These boats could be 25-27 feet long and 7 feet wide!

There’s several tons of fish being hauled into these boats.

There’s fins and flippers flying everywhere!  It’s a miracle!  V.8

“When Simon Peter saw this, he fell at Jesus' knees and said, ‘Go away from me, Lord; I am a sinful man!’  For he and all his companions were astonished at the catch of fish they had taken, and so were James and John, the sons of Zebedee, Simon's partners. Then Jesus said to Simon, ‘Don't be afraid; from now on you will catch men.’ So they pulled their boats up on shore, left everything and followed him.”

Isn’t it interesting how Simon responded to this miracle?

He didn’t say, “Oh, Jesus!  Thank you for the fish.  You’ve made my business day!”

He didn’t say, “This is so cool.  You are so cool, Lord!”

He said, “Go away from me, Lord; I am a sinful man.”


Jesus hadn’t said a word about Peter’s sin.  Peter brings it up.

When you come into contact with the raw power of God, it makes you aware that you are a sinner.

That’s what happened to Isaiah in Isaiah 6, isn’t it?

Peter had been fishing all of his life, and he’d never seen anything like this.

He knew that God was doing something unique in Jesus, and it scared him.  It scared him because holy power reveals sinful hearts.

Jesus’ power reveals our sin.

And that scared Peter.

How did Jesus react to this fear?

V.10 says that he told him to not be afraid.

You see, Jesus IS holy, and that should scare sinners. But that’s not ALL He is.  He’s also...a lot of other things we’re going to see as we move on.

And instead of heading off or sending Peter away, He calls Peter to Himself and gives Him a mission.

Fully Follow Him, Catch Men

“From now on you will catch men.”  You guys are going to be a new kind of fishermen.  You are going to fish for men.

And you’ll catch them alive, too.

These men (v.11 says) left everything and followed Him.

They made a decisive break with their old lives and began to follow Jesus.

And they began to cast their nets for people to follow Him, too.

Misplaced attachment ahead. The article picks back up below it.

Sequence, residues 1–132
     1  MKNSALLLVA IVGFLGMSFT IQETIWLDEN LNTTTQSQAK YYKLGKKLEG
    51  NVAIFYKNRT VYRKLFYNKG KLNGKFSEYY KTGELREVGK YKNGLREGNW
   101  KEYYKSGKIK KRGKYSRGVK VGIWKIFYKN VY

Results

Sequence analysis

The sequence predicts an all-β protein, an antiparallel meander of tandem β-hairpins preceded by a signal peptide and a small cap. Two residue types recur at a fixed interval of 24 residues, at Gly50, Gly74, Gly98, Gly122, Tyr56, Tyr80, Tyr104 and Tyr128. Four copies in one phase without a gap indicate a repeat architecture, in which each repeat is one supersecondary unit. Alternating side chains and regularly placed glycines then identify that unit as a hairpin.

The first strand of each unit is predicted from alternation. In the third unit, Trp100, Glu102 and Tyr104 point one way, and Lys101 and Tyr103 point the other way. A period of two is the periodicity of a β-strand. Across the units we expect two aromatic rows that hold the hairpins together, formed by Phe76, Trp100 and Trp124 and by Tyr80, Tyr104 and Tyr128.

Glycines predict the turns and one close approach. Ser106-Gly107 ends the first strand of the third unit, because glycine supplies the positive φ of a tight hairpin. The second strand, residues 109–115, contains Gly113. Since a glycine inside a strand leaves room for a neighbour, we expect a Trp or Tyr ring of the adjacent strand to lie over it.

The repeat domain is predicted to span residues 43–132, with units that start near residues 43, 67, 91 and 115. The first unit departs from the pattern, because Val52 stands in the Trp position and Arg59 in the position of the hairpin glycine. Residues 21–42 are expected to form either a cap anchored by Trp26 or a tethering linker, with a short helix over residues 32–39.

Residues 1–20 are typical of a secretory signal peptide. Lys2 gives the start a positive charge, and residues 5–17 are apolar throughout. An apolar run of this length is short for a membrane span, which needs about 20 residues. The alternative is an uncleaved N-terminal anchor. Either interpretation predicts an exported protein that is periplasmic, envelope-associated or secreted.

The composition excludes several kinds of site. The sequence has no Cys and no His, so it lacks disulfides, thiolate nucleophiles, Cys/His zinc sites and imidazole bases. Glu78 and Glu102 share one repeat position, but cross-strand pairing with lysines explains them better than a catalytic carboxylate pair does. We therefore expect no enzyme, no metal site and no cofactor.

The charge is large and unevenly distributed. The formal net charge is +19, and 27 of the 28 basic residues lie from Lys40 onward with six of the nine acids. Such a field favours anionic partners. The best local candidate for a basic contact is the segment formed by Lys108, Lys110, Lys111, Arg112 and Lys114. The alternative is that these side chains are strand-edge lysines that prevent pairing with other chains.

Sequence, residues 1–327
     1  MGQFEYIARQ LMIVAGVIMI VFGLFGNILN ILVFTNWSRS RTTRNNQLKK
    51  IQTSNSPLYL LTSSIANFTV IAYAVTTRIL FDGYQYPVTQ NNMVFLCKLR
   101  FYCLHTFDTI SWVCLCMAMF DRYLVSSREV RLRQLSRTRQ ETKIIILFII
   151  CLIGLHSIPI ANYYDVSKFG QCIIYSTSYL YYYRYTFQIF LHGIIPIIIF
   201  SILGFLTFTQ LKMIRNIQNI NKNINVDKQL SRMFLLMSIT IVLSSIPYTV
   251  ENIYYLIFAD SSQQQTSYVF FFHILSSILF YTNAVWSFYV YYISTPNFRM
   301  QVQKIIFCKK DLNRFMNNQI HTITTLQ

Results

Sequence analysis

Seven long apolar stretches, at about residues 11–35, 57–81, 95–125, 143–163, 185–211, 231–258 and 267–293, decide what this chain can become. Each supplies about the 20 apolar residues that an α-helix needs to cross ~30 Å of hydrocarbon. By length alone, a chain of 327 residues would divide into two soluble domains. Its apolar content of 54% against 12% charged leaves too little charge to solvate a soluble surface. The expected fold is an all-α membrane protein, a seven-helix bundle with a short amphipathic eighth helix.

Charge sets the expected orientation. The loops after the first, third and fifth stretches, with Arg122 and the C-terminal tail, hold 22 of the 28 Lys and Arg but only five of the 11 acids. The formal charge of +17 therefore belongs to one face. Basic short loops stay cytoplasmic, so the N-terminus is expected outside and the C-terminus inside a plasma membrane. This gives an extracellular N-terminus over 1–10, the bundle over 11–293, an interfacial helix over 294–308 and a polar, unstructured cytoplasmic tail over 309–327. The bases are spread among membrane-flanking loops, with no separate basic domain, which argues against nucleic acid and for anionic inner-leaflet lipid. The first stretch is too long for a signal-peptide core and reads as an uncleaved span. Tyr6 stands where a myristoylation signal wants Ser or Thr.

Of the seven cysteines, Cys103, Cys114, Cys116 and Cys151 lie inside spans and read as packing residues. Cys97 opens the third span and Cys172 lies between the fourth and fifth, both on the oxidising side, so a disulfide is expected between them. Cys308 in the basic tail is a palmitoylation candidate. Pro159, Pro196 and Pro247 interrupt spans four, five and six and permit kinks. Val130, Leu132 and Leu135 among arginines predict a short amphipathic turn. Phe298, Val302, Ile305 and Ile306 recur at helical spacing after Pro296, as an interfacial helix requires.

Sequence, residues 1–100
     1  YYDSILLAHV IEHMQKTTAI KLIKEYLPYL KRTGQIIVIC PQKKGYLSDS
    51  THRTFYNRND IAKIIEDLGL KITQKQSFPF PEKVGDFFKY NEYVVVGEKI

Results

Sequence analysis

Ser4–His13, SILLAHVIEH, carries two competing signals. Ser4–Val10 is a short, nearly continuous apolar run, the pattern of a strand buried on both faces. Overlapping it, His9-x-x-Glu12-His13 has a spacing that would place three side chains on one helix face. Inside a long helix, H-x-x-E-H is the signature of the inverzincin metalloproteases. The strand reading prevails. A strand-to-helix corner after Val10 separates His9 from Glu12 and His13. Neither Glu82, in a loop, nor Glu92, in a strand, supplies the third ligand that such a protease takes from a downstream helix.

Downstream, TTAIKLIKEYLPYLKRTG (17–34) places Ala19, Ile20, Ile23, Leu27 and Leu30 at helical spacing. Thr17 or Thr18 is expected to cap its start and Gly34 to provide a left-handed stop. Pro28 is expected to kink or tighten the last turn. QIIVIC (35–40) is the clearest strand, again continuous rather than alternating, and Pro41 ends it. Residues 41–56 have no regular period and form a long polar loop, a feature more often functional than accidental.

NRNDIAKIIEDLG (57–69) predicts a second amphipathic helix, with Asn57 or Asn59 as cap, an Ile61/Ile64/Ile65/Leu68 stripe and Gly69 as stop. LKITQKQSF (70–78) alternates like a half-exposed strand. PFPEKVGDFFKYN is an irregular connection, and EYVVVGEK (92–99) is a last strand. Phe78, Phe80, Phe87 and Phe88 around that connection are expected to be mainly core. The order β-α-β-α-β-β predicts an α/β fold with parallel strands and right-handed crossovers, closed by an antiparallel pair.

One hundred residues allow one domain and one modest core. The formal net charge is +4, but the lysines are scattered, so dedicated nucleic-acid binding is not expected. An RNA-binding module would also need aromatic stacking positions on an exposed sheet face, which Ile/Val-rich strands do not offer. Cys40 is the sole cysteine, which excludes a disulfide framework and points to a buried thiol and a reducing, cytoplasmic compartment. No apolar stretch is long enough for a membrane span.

Question:  Have you left everything and begun to follow Jesus?

Are you on the lookout for people to need to be caught?

I’m thankful that the Gideons are with us today.  They have a historic track record of following the Lord and fishing for men.

But we can’t leave it up to the Gideons.

This is a call for all of us: Fully Follow Him; Catch Men.

What are you doing right now to attract others to Jesus?

How are you sharing the gospel or building a relationship with someone to share the gospel?

“From now on you will catch men...[they] left everything and followed Him.”

Now, in story #2 (verses 12-16), Jesus doesn’t actually interact with sin as much as with a picture of sin.

He heals a man who has a skin disease, one of many that go under the name of leprosy.  And leprosy, in the Bible, was not sin itself but it was a picture of sin and what sin does. 

If someone was a leper, they were un–what? Unclean.

And they even had to shout that everywhere they went.  Because uncleanness separated people.  The clean and the unclean.

And being unclean is a picture of sin.  Leprosy itself wasn’t sin but it was a picture of sin and it’s ugliness and how it divides people.  V.12

“While Jesus was in one of the towns, a man came along who was covered with leprosy.  [This man is very needy, isn’t he?]  When he saw Jesus, he fell with his face to the ground and begged him, ‘Lord, if you are willing, you can make me clean.’”

Notice this man’s bold faith.  He actually comes near to Jesus.  Near enough to fall before Him on the ground. The whole way up, he would have had to be yelling out, “Unclean!  Unclean!  Unclean!”

But now he begs, “‘Lord, if you are willing, you can make me clean.”

And here’s where it gets amazing.  V.13

“Jesus reached out his hand and touched the man [You’re not supposed to do that!]. ‘I am willing,’ he said. ‘Be clean!’ And immediately the leprosy left him.  Then Jesus ordered him, ‘Don't tell anyone, but go, show yourself to the priest and offer the sacrifices that Moses commanded for your cleansing, as a testimony to them.’  Yet the news about him spread all the more, so that crowds of people came to hear him and to be healed of their sicknesses.  But Jesus often withdrew to lonely places and prayed.”

This is amazing.

Jesus touched a leper.  And instead of Jesus becoming unclean–which is how it is when anyone else touched a leper–the leper became clean!


It really happened.  Jesus sent the man to go get it verified by the priest.  He wanted him to do it quietly so that no extra trouble got stirred up and so that His identity would more slowly become known. But you could hardly stop the good news from traveling.  That’s crowds came more and more and Jesus had to carve out time to go to lonely places and pray.